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Author: [Food & Fitness] Topic: ALCOHOL
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#1
Posted: 8/19/2010 5:37:56 AM
How much can I drink?

If you drink alcohol, it is important to keep within the guidelines:

    * Men should not regularly drink more than 3 - 4 units of alcohol a day.

    * Women should not regularly drink more than 2 - 3 units of alcohol a day.

These guidelines apply whether you drink every day, once a week or occasionally. If you drink to much, avoid alcohol for 48 hours to allow your body time to recover.

How much is one unit of alcohol?

    * one small glass (100mls) of wine (10% alcohol by volume - be aware that many wines have a higher alcohol content than this and the size of glasses may be bigger)


    * or half a pint (about 300mls) of normal strength lager, cider or beer (for example 3.5% - be aware that many beers and ciders have a higher volume than this)


    * or 1 pub measure (25mls) of spirits

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#2
Posted: 8/19/2010 10:42:59 AM
men should regularly drink 3-4 units per hour  
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#3
Posted: 8/19/2010 12:21:09 PM
Joey won't like this thread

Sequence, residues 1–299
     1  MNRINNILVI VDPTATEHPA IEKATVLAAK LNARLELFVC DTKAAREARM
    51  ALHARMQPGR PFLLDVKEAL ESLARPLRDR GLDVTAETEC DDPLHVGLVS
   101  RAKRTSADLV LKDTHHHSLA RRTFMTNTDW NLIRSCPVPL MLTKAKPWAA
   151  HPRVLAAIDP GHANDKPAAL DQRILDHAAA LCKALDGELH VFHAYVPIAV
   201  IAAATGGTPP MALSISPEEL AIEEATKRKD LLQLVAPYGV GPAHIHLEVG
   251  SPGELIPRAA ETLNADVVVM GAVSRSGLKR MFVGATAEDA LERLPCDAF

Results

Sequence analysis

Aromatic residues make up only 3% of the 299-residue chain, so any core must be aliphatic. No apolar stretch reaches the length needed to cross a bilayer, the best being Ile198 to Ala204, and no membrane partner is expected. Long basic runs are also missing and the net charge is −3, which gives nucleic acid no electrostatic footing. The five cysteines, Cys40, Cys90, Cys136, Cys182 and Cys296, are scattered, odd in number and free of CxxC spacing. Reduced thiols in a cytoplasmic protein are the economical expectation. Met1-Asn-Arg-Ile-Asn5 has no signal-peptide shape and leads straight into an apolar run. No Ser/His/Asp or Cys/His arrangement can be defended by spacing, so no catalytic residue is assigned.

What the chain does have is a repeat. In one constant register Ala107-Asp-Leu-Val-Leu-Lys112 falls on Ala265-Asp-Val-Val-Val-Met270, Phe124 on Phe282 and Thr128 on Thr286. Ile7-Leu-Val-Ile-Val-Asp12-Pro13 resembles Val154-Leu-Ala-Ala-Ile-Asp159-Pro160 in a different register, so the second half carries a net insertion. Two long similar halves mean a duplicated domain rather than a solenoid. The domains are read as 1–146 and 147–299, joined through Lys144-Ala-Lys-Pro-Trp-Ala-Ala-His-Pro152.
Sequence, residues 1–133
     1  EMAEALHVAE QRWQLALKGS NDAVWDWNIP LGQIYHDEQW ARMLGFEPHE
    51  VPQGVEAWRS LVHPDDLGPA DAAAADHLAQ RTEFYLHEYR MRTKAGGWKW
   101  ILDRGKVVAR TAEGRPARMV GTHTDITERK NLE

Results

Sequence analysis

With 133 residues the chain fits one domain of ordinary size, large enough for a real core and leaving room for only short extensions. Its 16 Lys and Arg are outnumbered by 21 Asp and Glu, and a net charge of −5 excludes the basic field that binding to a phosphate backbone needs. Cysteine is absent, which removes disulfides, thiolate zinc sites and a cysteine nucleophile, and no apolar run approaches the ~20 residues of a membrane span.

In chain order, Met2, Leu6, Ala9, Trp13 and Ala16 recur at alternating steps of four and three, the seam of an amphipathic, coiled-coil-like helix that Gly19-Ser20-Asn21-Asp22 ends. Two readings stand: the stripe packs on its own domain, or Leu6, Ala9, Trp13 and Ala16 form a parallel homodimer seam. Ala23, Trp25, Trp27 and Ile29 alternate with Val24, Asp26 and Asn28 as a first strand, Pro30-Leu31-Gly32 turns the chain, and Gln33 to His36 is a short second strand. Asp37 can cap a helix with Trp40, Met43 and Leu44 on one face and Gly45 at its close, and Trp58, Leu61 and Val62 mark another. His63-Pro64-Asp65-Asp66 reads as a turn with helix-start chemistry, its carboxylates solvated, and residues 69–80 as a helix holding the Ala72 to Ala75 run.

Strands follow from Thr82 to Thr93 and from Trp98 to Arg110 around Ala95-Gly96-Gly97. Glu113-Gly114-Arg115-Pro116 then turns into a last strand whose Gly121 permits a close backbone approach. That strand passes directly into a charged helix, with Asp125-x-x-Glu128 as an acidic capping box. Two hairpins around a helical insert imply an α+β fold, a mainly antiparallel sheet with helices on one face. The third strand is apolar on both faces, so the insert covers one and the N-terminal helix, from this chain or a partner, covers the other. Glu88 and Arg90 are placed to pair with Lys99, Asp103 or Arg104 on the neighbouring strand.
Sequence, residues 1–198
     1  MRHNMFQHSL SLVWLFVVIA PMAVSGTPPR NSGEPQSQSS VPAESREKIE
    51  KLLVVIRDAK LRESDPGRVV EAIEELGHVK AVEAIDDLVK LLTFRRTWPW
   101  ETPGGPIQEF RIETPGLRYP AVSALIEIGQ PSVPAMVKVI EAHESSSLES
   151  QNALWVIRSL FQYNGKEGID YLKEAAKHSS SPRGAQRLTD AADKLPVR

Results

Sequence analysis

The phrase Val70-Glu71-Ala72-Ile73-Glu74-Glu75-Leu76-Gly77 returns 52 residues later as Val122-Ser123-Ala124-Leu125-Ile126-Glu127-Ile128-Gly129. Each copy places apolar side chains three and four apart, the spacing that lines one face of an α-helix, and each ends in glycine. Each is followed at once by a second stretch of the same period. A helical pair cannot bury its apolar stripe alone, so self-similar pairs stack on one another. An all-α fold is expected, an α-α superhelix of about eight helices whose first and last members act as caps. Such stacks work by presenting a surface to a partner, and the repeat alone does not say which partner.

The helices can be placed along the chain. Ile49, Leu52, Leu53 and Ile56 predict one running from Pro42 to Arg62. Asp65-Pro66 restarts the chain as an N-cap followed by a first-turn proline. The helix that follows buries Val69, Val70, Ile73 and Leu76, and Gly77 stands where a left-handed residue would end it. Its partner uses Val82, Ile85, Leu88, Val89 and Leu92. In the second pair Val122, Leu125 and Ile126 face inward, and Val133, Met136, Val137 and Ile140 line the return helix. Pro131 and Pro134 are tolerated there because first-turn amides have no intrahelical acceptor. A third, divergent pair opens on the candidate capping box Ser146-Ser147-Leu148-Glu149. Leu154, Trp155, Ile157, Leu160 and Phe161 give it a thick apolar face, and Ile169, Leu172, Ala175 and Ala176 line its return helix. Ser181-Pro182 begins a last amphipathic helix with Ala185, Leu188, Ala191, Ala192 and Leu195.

10 Millers a hour every day
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#4
Posted: 8/19/2010 12:24:32 PM

(for example 3.5% - be aware that many beers and ciders have a higher volume than this)

  3.5%  what the heck is that

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#5
Posted: 8/19/2010 3:08:38 PM
You know how I know you are happy? You need to warn people that some beers may contain more than 3.5% alcohol. Anything under 3.5% is akin to water and should not be imbibed.
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#6
Posted: 8/19/2010 4:06:09 PM

Beers

  • A half pint (284 ml) of beer that has a strength of 3.5% abv contains almost exactly one unit. However, most beers are stronger. In pubs, beers generally range from 4% to 5.5% abv with continental lagers starting at around 5% abv. A pint of such lager (568 ml at 5.2% for example) is almost 3 units of alcohol, rather than the often-quoted value of 2 units per pint.
  • A 500 ml can/bottle of standard lager (5%) contains 2.5 units.
  • 'Super-strength' or strong pale lager may contain as much as two units per half pint.
  • One litre of typical Oktoberfest beer (5.5% to 6%) contains 5.5 to 6 units of alcohol.

Wines

  • A small glass (125 ml) of 8% abv wine contains one unit of alcohol. However, British pubs and restaurants usually supply larger quantities (medium: 175 ml or large: 250 ml), and few wines are as weak as 8%; 12% is more typical. A standard pub measure (medium glass - 175 ml) of white wine (at 12%) contains around 2 units and a large glass (250 ml) contains 3 units. Red wine, which usually has a higher alcohol content (up to 16%), contains for an average 14% abv an alcohol content of 3.5 units for a large (250 ml glass), approximately one-sixth higher than a typical white wine. Just two bottles of 14% abv red wine a week will supply the maximum intake of alcohol for a man recommended by UK health guidelines.
  • A 750 ml bottle of 12% wine contains 9 units. Many wines may contain 14% abv or more, which is just over 10 units of alcohol per bottle.